Organizational Psychology

Organizational Image

General Information


The aim of the graduate program in Organizational Psychology at Michigan State University is to provide Ph.D. level training to students who intend to obtain faculty positions in universities or research-oriented positions in major corporations, government, or other organizations. The program provides a strong background in psychology and quantitative methods, as well as the content of Organizational psychology.

In addition, there is an excellent working relationship with the Department of Management, Eli Broad College of Business, and with the School of Labor and Industrial Relations. Such a strong link is unique among most Organizational psychology programs. Students and faculty from both programs frequently are involved in joint projects.

Program Description

Ranking. The program has been ranked first in the nation in industrial/organizational psychology for more than 13 years. See U.S. News & World Report for the ranking in 2013.

Size. Our faculty/student ratio is small and allows the development of close working relationships between faculty and students. The Organizational psychology program has approximately 15-20 graduate students who come from all over the U.S. and from foreign countries. All are full-time students. There are eight primary faculty in the Organizational program and a number of associated faculty from other departments.

Length. Students entering the program with a Bachelor's degree usually complete the Ph.D. program within five years. Students are expected to complete their Master's degree within the first two years, complete their comprehensive examinations during their third year, and devote their fourth and/or fifth year to an internship and dissertation work.

Stipend. The average stipend for a teaching or research assistantship in our Ph.D. program is around $15,000 for 9 months (excludes summer). Many opportunities exist for summer assistantships, which most of our students take advantage of. Also, a significant number of our graduate students receive fellowships from the university or outside organizations.

Courses. In general, there are few standard course requirements for graduate study in Organizational psychology. The extent of research, course, seminar, and other work in the various areas of relevance to Organizational psychology varies considerably depending on the students' unique backgrounds, abilities, interests, and goals. Specific information about required courses can be found in the Organizational Program Handbook.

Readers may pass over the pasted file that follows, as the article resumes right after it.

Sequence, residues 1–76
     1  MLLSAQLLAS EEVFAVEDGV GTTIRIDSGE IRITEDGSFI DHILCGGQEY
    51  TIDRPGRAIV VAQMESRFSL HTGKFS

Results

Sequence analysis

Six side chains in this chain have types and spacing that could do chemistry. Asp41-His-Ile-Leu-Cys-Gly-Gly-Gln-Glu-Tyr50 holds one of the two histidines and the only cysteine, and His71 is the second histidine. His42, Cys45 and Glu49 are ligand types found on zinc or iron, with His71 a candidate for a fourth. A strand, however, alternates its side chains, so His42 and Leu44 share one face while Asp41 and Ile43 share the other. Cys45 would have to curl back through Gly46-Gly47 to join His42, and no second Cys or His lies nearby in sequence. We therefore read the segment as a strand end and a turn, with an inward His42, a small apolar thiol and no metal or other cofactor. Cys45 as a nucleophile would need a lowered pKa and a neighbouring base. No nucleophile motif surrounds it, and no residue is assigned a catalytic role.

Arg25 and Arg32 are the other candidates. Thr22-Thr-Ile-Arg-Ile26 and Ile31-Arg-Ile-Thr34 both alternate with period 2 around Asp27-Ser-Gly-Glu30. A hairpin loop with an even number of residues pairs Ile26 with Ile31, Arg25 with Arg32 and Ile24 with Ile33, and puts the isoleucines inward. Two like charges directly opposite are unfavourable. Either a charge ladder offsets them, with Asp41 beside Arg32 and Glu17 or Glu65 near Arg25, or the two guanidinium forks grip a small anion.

Research. Research is the central focus of the program. Students are required to be involved in research at all times during their graduate training. This involvement begins with a high degree of structure as new students join ongoing faculty research projects. Over time, students take on greater responsibility for projects depending upon their research interests and their ability to manage projects independently. In all cases, faculty members work very closely with students on a one-to-one basis in order to provide the individualized guidance that best fits the students' needs. Project objectives may include the following: (1) experience in the applications of psychology; (2) collection of data on research issues of interest to faculty and graduate students; and (3) delivery of valuable service to an organization.

Flexibility. While maintaining a research focus, the program itself is very flexible. Programs of study are shaped to fit each student's needs and interests. Students in Organizational psychology have concentrated on traditional subfields within Organizational psychology, but they also have developed expertise in areas such as measurement, educational psychology, cognitive psychology, social and ecological psychology, counseling, labor relations, communications. Also, many graduate students take opportunities to assist and/or teach undergraduate courses.

Applied Experience. Michigan State University's Organizational Psychology program focuses on providing research training for future positions in academia. However, more than 50% of our graduate students go on to work in applied organizations. We provide many opportunities for students interested in the applied field, including carrying out studies with real-world companies, aid in finding internships, and providing graduate seminars in consulting.